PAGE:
So I finished my pro-c0n list a while ago, and I’ve decided on family medicine.  Whoo!  But because I am a bit OCD and for completeness, I’ve posted the final pro-con list below.   Most of you’ve already read this anyway, so ignore this post- I’m not even going to read it because it’s application time and filling out forms is stressful enough without going through pro-con list and potentially re-<3-ing OBGYN!  Wah!  Hate forms.

OBGYN:

Pros:

–         Prenatal care: I ❤ prenatal care!  I love that there’s a schedule to baby development (I love schedules in general…), and that you run specific tests during their corresponding weeks into pregnancy.  Is so organized and process of elimination-y and systematic!

–         It’s fun to hunt down fetal heart tones with a Doppler.  And I like testing for rupture of membranes and watching the ferning under the microscope… (amniotic fluid makes a fern pattern when it dries.  Isn’t that cool?!)…and really all the other procedures that are the bread and butter of general OBGYN.

–         OBGYN patients are the only patients who are happy to go to the doctor (them and people with Munchausen’s…), and most of my patients would be healthy and young.

–         Contraceptive counseling: I get really excited about contraceptive medicines / methods.  I like to talk about the drug side effects and the different forms and the different ways they can be dispensed.  And besides that they have fun commercials and ridiculous names and dancing people.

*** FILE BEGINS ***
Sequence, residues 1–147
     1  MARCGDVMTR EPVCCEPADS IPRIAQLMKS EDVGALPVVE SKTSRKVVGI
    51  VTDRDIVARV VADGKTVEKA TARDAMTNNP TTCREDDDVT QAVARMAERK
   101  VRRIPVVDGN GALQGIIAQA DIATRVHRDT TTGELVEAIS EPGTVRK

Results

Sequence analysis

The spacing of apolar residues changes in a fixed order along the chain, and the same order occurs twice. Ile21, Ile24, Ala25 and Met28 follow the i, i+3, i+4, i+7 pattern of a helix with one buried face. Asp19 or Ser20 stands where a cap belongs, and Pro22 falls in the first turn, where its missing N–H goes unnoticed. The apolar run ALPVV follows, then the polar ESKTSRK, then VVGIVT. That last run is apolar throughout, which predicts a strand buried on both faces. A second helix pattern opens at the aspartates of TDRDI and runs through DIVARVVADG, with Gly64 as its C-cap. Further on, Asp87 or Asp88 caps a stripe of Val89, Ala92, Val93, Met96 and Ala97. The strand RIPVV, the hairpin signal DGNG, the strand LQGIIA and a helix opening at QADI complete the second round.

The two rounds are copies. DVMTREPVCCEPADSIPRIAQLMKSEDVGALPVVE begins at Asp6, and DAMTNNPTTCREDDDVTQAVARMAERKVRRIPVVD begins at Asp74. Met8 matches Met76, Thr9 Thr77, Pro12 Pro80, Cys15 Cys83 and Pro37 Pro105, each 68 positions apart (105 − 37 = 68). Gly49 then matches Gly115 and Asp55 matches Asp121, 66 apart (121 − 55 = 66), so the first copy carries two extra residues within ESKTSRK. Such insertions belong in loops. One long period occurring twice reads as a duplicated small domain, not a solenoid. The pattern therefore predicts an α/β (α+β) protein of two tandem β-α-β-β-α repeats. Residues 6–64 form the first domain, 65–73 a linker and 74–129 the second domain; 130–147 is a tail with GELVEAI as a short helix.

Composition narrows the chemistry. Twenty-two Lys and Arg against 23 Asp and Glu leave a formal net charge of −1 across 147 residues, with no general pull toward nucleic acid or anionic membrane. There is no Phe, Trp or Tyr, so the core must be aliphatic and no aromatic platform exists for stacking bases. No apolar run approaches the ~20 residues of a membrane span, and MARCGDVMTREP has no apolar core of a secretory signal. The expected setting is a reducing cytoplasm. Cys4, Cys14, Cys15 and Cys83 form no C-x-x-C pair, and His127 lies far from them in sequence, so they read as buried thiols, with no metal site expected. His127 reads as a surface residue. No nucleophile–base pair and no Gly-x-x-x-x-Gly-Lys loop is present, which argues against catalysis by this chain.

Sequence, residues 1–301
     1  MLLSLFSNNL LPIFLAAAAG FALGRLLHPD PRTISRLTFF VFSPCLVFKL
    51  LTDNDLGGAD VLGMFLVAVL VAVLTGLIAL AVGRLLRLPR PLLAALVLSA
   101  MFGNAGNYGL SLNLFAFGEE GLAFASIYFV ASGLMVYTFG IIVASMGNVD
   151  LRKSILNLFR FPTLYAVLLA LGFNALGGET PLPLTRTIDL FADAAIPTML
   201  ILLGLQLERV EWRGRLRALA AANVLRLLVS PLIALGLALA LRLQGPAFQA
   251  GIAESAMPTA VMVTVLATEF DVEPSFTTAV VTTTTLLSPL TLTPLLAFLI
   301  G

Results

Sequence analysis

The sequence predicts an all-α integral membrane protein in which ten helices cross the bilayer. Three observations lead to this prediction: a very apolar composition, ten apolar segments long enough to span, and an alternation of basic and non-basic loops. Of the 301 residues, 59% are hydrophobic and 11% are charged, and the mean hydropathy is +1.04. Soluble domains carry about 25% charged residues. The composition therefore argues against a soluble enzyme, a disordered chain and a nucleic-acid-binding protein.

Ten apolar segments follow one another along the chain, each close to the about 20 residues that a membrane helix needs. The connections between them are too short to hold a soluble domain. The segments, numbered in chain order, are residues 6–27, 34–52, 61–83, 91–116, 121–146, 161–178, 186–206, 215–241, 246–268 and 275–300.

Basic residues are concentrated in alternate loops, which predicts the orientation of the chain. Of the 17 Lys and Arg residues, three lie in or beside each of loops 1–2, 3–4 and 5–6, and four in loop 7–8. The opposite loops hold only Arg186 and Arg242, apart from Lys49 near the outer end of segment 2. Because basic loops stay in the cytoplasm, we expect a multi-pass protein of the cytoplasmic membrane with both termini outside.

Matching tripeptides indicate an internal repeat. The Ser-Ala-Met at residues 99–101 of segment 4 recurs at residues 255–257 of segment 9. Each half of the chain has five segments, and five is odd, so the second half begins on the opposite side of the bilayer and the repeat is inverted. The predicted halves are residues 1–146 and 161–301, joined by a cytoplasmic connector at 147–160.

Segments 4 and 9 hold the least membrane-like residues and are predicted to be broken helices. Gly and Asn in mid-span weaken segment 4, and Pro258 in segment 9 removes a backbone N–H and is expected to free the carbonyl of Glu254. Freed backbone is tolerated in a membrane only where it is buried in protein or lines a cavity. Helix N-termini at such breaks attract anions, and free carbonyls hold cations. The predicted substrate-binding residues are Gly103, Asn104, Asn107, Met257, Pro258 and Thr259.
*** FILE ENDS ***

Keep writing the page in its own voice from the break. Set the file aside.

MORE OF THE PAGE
–         Hospital life is run like surgery- short, focused rounds, short, focused notes, none of this 5-6 hour rounds crap.

–         I would get to wear scrubs and wouldn’t have to worry as much about professional-wear except for in clinic.

–         Surgery- I generally don’t have any grounds to make claims about being good at medicine things, but I am good with my hands, and I am good at surgery and procedures.  I like to cut things open and sew them back up, and I like knot tying.

–         The actual material related to obgyn stuff: Repro was my most favorite block during Med 1 and 2.  I like learning about ovaries and uteruses and how things work regarding female reproductive system.  Everything is organized so systematically, and things make so much sense because they follow the pattern.  I won’t even go into the smiling uteruses and antlers, but we all know how I feel about these particular organs.

–         I was actually excited to pay attention during the lectures related to obgyn stuff.   I still fell asleep like I always do, but I fell asleep a fewer number of times than usual.  And as doctors, we will have to attend lectures/seminars for the rest of our lives, which is a horrible thought, but I’m less annoyed by it when I think about OB stuff.

–         I like the idea of becoming super good at one focused area in medicine and not having to worry about the other stuff.  And since obgyn stuff is so focused, there aren’t a bajillion other interactions I have to worry about.  Or if there are, we put in a consult and let less reproductively minded doctors take care of that junk.

Cons:

–         **super high malpractice insurance

–         **potential lifestyle suckiness

–         **not doing the same stuff/the stuff I really like throughout my whole career